4 Core Characteristics All Leaders Share
What is leadership? My friend John C. Maxwell defines leadership as influence, and I like that definition. I also resonate with Warren Bennis and his assessment that managers do things right but leaders do the right thing.
I’ve gained much from both definitions.
To that, I would add that leadership could be described as a set of personal characteristics. Look at the great leaders throughout history, and you’ll see that each of them exhibited these four traits.
The Stockdale Paradox, coined by Vice Admiral James Stockdale and popularized by Jim Collins in Good to Great, holds that a leader “must confront the most brutal facts of your current reality, whatever they might be.”
That takes courage.
Your first task as a leader is to name the problem. While others tiptoe around it or ignore the obvious, a leader is willing to tell it like it is.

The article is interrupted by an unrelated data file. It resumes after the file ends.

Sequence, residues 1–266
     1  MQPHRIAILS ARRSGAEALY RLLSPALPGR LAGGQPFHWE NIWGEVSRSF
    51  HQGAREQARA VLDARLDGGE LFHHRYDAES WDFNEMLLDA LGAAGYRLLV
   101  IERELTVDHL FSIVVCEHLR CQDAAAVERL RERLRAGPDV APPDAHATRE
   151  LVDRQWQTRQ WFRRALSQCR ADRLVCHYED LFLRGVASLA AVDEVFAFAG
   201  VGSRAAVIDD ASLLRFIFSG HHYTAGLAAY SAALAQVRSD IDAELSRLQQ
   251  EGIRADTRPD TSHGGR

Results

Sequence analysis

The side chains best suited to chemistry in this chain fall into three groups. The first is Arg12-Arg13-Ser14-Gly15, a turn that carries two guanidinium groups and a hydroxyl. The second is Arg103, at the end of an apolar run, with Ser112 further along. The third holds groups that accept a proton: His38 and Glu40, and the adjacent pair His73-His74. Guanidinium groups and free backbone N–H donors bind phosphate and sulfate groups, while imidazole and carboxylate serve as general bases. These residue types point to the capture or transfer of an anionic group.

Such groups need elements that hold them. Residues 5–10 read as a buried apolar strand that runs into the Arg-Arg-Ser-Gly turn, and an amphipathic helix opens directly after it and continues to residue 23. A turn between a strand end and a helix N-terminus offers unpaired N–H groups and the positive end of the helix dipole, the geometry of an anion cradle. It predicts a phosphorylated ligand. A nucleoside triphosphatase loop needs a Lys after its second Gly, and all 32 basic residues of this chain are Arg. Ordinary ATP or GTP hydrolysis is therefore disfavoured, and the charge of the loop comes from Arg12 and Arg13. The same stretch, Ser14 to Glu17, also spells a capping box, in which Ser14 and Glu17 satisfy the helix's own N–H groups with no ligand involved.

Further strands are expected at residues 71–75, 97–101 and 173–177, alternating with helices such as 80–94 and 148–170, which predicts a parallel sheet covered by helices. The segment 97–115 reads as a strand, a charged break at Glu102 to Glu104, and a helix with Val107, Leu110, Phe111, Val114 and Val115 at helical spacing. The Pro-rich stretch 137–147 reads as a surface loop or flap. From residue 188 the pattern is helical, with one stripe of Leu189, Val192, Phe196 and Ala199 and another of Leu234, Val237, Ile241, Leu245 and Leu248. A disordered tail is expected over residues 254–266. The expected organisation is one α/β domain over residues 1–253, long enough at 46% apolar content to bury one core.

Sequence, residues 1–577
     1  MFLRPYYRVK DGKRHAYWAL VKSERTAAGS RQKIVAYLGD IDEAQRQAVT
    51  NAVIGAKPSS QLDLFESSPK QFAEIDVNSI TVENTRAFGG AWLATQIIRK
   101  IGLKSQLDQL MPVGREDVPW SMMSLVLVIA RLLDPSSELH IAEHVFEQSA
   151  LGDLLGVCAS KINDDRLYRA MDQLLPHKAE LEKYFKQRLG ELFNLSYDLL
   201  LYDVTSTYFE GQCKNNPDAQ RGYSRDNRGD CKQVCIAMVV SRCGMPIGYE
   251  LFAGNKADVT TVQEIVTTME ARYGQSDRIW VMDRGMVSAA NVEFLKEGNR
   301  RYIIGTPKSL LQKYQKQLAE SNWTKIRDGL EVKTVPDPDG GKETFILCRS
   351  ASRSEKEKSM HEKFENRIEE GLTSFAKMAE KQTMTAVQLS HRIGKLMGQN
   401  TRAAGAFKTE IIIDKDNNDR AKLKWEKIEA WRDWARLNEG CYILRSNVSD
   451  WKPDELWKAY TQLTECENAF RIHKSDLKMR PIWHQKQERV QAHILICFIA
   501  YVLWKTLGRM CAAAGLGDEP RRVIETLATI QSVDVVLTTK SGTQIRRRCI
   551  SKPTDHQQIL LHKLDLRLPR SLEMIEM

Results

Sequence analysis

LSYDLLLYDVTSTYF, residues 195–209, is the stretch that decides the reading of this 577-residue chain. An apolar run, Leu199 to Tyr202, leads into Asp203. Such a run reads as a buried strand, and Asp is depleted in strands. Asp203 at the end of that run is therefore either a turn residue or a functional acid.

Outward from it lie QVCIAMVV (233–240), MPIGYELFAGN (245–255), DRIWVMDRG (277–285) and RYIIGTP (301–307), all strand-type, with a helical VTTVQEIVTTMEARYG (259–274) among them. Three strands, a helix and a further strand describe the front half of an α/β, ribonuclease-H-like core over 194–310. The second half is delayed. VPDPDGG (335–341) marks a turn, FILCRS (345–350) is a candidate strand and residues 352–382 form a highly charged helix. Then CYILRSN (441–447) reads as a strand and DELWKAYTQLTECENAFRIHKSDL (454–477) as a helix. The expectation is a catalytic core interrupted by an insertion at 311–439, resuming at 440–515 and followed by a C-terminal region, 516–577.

The other half of the Stockdale Paradox says: “You must retain faith that you will prevail in the end, regardless of the difficulties.”
Leaders are able to remain clam when others flee and remain hopeful when others despair. A leader sees possibilities, hope, a future.
Great leaders take the panic out of every situation.
- Solutions Oriented
A leader really is the person with a plan. Hope is not a wish. Leaders are able to see a better future (vision) and define the way to it (strategy). Leaders create solutions.
If nobody is following you, you’re not a leader. Leaders have the ability to say, “This way, team!” and move others to follow.
This doesn’t mean being an over-the-top extrovert. Charisma is not a synonym for hype. It is the ability to impart enthusiasm, passion, and motivation to others.
That’s my definition of leadership. I’d love to hear yours. Share your answer on Twitter or Facebook!